The second thing we did, which is another bipartisan disaster, was we, again, at this apex of our power, we invaded Afghanistan after the 9/11 attacks and we took a war of choice: we invaded Iraq and we tried to insert ourselves -- this was a neoconservative project -- into the greater Middle East, build an imperial capital and the Green Zone in Baghdad, and transform the Arab world. And the economic logic for this is we would get a permanent hold on the world’s oil reserves. And so, in effect, we invested about $8 trillion in inserting ourselves into the Middle East and gaining control of oil just at the point when oil was joining cordwood and coal in the dustbin of history. A gross geostrategic miscalculation.
Meanwhile, China with its $4 trillion was laying down that grid of infrastructure across the Eurasian landmass, road, rails, and oil and gas pipelines, and building 40 modern ports around the rim of Eurasia, expanding its military, cutting the circles of steel that Washington had laid down around Eurasia to dominate that critical epicenter of global politics during the Cold War. In effect, China was well on its way to becoming the world’s great global hegemon. So by 2030, all the sources indicate, and these are short-term projections — they’re therefore reasonably accurate. Back in 2012, the National Intelligence Council said that by 2030, China would be the world’s largest economy by far. The international accounting firm PricewaterhouseCoopers published a report that says by 2030, China’s economy will be 50 percent, at least 50 percent larger than the US economy. And since China and the United States spend roughly 2 percent and 3 percent, respectively, of their gross domestic product in the military, that means that China’s military procurements will grow ever larger than America’s. They’re already ahead in a number of critical areas like satellite communication, security, and anti-missile defenses.
And by 2030, it’s clear that China’s economy will be larger than ours. They’ll have moved ahead in critical areas like artificial intelligence, they’ll be a military peer overall, and in a number of critical technological areas where China’s emphasizing. Military, they’ll be ahead of us. In short, it’ll be over for American global hegemony. The only question of course will be whether the American liberal world order survives.
Oil & Disorder ft. Helen Thompson - Bungcast - Air Date 3-29-22
[00:44:10] PHILIP CUNLIFFE - HOST, BUNGACAST: Despite the lowering unit, or the declining unit costs, with respect to solar and wind, you make clear that until the problem of storage is solved, um, then with wind and solar will continue to be very intermittent sources of energy, particularly... particularly in places like Europe.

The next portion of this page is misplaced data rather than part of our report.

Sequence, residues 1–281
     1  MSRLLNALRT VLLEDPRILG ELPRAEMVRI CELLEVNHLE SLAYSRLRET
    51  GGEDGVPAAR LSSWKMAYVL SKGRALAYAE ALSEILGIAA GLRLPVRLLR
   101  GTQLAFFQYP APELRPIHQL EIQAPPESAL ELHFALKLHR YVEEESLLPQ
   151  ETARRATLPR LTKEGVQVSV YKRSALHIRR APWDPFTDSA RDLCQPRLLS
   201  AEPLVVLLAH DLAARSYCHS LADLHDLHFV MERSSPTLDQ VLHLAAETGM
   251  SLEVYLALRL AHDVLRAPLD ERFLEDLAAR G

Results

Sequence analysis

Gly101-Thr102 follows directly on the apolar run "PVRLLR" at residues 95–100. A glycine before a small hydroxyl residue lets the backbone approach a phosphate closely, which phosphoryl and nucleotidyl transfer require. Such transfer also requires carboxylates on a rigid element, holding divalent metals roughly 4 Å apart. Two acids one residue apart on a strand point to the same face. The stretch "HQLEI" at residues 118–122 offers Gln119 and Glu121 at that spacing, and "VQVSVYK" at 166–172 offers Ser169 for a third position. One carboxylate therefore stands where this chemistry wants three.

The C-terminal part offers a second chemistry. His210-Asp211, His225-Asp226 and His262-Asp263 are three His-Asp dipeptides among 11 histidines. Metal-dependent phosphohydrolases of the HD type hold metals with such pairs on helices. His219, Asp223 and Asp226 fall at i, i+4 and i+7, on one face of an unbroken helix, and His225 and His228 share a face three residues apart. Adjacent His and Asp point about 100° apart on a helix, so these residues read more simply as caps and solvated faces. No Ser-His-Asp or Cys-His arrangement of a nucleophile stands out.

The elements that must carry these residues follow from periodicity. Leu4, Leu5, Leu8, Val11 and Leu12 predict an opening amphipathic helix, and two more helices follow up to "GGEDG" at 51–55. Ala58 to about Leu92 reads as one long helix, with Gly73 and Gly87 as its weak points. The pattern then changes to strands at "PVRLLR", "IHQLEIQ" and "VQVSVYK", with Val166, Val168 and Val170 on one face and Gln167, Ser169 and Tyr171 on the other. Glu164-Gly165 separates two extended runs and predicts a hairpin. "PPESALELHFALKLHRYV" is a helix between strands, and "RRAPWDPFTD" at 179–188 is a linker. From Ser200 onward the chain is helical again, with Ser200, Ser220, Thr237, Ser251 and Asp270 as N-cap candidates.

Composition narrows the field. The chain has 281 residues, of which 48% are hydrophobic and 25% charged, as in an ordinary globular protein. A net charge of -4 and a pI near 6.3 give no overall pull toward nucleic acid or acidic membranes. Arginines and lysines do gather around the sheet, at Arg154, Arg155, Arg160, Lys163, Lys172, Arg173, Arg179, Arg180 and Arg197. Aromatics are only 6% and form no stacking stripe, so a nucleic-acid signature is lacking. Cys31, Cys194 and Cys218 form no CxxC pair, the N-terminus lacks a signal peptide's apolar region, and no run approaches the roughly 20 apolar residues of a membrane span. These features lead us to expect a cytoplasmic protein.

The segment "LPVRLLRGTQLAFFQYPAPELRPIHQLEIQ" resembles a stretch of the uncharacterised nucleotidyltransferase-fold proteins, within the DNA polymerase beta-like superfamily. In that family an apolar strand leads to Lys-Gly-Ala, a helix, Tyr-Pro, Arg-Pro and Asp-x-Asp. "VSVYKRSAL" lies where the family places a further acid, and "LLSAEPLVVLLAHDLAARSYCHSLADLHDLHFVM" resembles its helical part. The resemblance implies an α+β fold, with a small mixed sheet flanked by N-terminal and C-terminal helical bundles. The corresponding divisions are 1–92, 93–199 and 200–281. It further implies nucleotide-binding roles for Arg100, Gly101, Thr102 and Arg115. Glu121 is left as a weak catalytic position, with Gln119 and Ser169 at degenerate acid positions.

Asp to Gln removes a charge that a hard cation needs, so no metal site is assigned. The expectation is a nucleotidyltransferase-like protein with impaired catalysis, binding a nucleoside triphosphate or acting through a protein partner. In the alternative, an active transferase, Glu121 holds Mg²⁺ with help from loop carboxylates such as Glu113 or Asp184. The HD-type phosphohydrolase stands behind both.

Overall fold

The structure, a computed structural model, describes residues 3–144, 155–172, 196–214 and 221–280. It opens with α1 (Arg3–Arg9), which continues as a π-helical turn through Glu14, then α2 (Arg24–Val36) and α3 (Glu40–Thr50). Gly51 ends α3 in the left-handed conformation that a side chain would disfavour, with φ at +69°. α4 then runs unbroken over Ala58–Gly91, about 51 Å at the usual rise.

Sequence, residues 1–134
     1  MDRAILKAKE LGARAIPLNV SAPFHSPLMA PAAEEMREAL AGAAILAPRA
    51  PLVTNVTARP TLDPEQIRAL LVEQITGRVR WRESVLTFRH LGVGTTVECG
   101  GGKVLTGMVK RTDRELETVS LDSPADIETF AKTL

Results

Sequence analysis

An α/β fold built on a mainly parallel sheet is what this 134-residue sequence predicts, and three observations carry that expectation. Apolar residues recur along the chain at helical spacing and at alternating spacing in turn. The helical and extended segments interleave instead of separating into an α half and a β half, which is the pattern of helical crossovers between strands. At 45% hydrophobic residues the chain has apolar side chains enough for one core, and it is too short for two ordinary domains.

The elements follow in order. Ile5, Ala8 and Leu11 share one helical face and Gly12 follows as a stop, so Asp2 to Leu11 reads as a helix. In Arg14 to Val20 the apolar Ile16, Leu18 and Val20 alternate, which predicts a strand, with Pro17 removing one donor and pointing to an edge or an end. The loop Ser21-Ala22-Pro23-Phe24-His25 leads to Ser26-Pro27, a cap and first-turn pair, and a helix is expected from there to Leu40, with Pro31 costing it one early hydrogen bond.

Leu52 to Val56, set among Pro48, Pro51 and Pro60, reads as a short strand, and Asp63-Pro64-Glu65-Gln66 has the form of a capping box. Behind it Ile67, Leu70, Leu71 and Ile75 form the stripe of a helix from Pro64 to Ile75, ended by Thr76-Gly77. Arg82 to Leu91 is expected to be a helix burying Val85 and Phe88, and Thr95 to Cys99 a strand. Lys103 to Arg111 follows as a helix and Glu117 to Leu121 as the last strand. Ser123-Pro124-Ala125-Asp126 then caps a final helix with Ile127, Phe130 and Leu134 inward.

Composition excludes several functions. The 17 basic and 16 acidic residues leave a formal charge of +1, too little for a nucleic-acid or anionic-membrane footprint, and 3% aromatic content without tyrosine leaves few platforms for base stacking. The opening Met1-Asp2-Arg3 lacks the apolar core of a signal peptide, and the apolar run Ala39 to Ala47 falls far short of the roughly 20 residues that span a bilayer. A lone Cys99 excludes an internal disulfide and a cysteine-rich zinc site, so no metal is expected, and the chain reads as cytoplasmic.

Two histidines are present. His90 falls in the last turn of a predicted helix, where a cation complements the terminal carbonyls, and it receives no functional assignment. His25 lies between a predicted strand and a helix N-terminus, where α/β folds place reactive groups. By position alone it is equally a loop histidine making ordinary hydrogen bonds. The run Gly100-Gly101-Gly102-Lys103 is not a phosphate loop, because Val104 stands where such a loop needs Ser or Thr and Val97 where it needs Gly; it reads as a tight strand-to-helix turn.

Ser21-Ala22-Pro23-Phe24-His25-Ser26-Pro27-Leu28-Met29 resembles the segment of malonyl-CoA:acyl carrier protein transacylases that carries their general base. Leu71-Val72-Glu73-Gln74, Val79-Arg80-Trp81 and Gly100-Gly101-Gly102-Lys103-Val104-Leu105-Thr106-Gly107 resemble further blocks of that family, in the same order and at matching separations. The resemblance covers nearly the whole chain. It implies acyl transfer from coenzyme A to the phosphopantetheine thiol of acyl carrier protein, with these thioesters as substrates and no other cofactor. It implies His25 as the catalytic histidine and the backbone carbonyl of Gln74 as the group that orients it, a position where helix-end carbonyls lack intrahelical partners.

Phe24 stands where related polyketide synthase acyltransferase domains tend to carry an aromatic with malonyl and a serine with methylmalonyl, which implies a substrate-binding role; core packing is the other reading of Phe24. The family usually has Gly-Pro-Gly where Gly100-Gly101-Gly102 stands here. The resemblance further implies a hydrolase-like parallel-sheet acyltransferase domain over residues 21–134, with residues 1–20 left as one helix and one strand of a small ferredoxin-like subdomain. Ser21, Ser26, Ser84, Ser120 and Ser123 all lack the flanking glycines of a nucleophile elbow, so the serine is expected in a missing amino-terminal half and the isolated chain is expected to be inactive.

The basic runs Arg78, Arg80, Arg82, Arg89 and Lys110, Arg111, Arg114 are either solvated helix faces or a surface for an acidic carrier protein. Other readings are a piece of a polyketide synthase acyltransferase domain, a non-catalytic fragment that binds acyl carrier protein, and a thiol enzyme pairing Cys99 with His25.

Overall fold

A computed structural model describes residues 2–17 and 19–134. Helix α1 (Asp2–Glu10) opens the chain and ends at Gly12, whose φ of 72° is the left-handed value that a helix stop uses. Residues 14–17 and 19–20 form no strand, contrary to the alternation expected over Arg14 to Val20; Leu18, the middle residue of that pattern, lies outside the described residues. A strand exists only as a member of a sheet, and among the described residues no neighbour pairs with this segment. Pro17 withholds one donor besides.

And you suggest this leads to a grim prognosis with the attempt to shift towards the green energy transition. There's the possibility, and the constant warnings from politicians, including people like Angela Merkel, about the need for Western citizens to adapt to a very different kind of life.
You suggest that, you know, it's possible to envisage a world where we have more political fault lines, and even cultural fault lines, around the energy transition. When you suggest, you know, you could imagine a world where we, kind of, regress to a pre- Henry Ford era, where, instead of the car being, um, something which is consumed by the masses, it becomes a symbol, a focus of class resentment and privilege, um, and the symbol of, um, inequality for those who can afford electric vehicles, and those will be, kind of, shunted onto public transit.
So, I wonder if you could talk just a bit about that prognosis, and how you see it playing out, and what the fact... what the core factors are within it, beyond the points that I've mentioned.
[00:45:29] HELEN THOMPSON: Yeah. I mean, I think that you've actually mentioned the... the... the central problem where... which is at this energy transition, um, is going to take a considerable amount of time; that it's actually monumental in terms of what it would mean to leave fossil fuel energy behind, or even to get to net zero where you still use it... we're still using fossil fuel energy, but, um, balancing um, it off with carbon, um, extraction.
And I don't think that the ways in which net zero is being talked about by politicians in Western democracies, um, engage with the magnitude of the transformation that it would constitute. I think that it also, as you've already said, Philip, depends for its success-- net zero-- on technology that doesn't yet exist. Now that doesn't mean that that technology won't exist, but it does mean, I think, that we haven't got a very good idea about when it might exist.
So actually having a strategy for how to get there, with dealing with such an unknown, is pretty difficult.
And the same thing applies actually to carbon extraction really, as it does to, as it does to, um, storage.
And then, at the same time, as we're dealing with this problem, of which is to say is enormous in size, is we've also got to deal with the fact that fossil fuel energy, particularly oil, but actually I think increasingly perhaps gas as well, is in its own terms in a crisis. Um, in... in that, uh, oil is going to become more expensive.
And to the extent that it won't be more expensive, it will be because demand destruction has taken place, and that is simply people, or enough people and corporations, won't be able to afford oil at the prices, um, that it will go to. Um, and this was even before... I think, it was true before the Russian invasion of Ukraine, um, with the levels of economic growth that we would like to, um, see.